Saturday, August 21, 2010

Rajasthan by road - day 9, Chittorgarh

On day #9, we visited Chittorgarh which is about 105 km from Udaipur.  Chittorgarh, the first capital of the Mewar Sisodia clan, is famous for the largest fort in India, the Chittorgarh Fort. The fort is surrounded by a circular wall and one has to pass through seven gates to enter the main fort area.  It is also famous for the beauty of Rani Padmini, the devotion of Meerabai and her love for Lord Krishna, and the valour of Maharana Pratap Singh.

Legend has it that Rani Padmini, queen of Chittor, was so beautiful that Ala-ud-din Khilji lusted for her. He wanted to have one glimpse of the beautiful queen, and so he sent a message to Rana Rawal Ratan Singh that he looked upon Rani Padmini as his "sister" and wanted to meet her.  Rani Padmini refused to come face-to-face with an outsider.  So it was arranged that Ala-ud-din Khilji would see her reflection in a mirror. The mirror was so strategically placed that Khilji could look at the reflection only with his back towards the princess.  Rani Padmini was seated on the steps of her Lake Palace and even if Khilji turned to look in the direction of the Rani, he could not see her as her place of seating was below his frame of view. Guards were positioned behind him with orders to chop off his head if he even chanced to glance in the direction of the Rani.

Ruins of  Rana Kumbha's palace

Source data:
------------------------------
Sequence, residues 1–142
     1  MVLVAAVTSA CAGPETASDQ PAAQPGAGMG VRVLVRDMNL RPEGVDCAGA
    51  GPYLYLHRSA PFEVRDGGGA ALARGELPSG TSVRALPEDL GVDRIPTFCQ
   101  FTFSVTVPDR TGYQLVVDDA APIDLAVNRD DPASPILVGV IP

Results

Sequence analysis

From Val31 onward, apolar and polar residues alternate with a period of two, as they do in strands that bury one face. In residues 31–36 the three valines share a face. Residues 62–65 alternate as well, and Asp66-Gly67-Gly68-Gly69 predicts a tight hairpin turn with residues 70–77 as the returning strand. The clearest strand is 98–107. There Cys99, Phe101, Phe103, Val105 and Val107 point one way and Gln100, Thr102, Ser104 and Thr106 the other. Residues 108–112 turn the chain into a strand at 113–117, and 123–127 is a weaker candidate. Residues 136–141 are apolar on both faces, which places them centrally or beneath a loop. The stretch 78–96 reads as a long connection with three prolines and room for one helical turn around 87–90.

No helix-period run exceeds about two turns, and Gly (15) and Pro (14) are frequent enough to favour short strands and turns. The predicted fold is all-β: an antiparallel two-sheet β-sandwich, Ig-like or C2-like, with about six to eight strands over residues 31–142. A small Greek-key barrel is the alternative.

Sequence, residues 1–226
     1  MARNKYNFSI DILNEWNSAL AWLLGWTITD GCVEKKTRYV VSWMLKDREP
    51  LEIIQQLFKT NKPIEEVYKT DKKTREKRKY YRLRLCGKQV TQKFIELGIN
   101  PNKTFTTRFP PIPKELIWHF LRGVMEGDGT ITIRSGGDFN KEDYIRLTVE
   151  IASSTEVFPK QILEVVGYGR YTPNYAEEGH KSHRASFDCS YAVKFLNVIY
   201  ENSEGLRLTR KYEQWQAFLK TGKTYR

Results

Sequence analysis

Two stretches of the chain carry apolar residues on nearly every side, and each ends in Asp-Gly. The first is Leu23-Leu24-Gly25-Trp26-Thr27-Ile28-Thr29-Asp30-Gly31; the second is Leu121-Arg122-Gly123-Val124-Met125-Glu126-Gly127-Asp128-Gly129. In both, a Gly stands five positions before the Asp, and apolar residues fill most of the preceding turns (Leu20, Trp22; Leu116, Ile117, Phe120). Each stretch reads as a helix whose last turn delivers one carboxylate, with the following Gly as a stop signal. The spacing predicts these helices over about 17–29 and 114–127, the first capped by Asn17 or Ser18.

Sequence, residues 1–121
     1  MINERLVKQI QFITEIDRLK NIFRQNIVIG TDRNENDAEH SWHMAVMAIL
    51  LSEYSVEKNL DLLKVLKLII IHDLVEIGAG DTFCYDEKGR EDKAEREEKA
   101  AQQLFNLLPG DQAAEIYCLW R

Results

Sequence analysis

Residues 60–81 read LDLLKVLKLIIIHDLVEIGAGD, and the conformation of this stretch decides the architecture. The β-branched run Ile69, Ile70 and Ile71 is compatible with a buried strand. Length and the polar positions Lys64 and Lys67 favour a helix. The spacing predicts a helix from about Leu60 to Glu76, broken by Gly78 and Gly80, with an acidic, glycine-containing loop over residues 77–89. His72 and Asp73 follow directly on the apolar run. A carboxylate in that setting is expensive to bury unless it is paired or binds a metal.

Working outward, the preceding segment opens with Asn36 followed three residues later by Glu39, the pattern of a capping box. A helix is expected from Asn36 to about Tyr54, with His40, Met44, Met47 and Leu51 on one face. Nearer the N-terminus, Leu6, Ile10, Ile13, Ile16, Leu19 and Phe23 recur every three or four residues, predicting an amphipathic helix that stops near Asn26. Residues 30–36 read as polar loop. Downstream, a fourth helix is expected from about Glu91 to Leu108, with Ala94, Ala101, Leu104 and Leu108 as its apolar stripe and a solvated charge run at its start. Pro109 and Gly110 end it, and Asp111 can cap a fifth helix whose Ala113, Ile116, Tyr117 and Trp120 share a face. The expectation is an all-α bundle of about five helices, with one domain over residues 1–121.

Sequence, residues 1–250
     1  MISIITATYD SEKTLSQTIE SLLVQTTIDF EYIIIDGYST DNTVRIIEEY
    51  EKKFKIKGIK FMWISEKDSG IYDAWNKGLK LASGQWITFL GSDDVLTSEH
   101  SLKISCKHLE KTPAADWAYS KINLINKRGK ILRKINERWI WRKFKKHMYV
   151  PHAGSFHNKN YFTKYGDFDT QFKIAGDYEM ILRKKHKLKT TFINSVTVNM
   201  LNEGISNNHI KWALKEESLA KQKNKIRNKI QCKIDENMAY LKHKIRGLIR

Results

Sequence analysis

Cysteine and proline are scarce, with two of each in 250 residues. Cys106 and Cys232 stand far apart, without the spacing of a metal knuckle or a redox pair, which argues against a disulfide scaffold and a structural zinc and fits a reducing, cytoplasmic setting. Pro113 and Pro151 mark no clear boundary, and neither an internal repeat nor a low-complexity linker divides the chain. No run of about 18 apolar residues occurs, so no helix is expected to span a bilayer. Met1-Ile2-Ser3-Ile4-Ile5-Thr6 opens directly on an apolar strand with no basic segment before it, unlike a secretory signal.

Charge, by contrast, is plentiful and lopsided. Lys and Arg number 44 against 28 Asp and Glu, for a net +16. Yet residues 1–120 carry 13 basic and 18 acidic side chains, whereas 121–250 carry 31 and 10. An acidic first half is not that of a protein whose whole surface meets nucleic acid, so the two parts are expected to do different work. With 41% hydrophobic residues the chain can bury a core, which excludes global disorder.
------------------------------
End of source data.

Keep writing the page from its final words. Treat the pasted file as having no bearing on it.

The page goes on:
The mirror used to show Rani Padmini's reflection to Ala-ud-din Khilji

Rani Padmini's Lake Palace

Ala-ud-din Khilji was so enamoured by Rani Padmini's beauty that he decided to make her his own and attacked Chittor.  When after a long-drawn battle, Chittor was on the verge of facing defeat, Rani Padmini along with all the womenfolk of Chittor, lit a pyre and committed Johaur or the divine suicide.  They preferred Jauhar to being dishonoured at the hands of the army of Ala-ud-din Khilji.

Chittorgarh is also famous for Meerabai and her love for Lord Krishna. Married to Prince Bhoj Raj, the eldest son of Rana Sanga of Chittor, Meerabai had eyes only for Lord Krishna and considered herself to be married only to the lord.  
Statue of Meerabai with Lord Krishna's idol
Meerabai's temple
Upon Bhoj Raj's death in a battle, Meerabai left the palace and started staying at a  temple, singing the praises of Lord Krishna.  Surviving various attempts of murder by her brother-in-law, Meerabai is said to have traveled all over North India, singing the praises of Lord Krishna.  She is said to have finally epitomized her love for Lord Krishna by entering the sanctum sanctorum of the temple in Dwarka in a singing ecstasy after which the doors of the sanctum are believed to have closed on their own.  When the doors were later opened, it is said that Meerabai's sari was seen enwrapped around the idol of Lord Krishna, denoting that she had entered the idol and culminated as one with the Lord.

Vijay Stambh or Tower of Victory
Vijay Stambh or the Tower of Victory was built by Maharana Kumba in 1440 AD to commemorate the victory of the kingdom over the intruder Mohammed Khilji.

In 1533, when Bahadur Shah attacked Bikramjeet of Chittor, Rani Karnavati, a Bundi Princess, committed Jauhar along with her female consorts. Her own infant son, Udai Singh, was smuggled out by Panna Dai who sacrificed the life of her own son to save the infant king.  When Akbar seized Chittor in the 16th century, he razed the fort to rubble.  Chittor was never inhabited again but it always asserted the heroic spirit of Rajput warriors. Udai Singh built his new capital in Udaipur.

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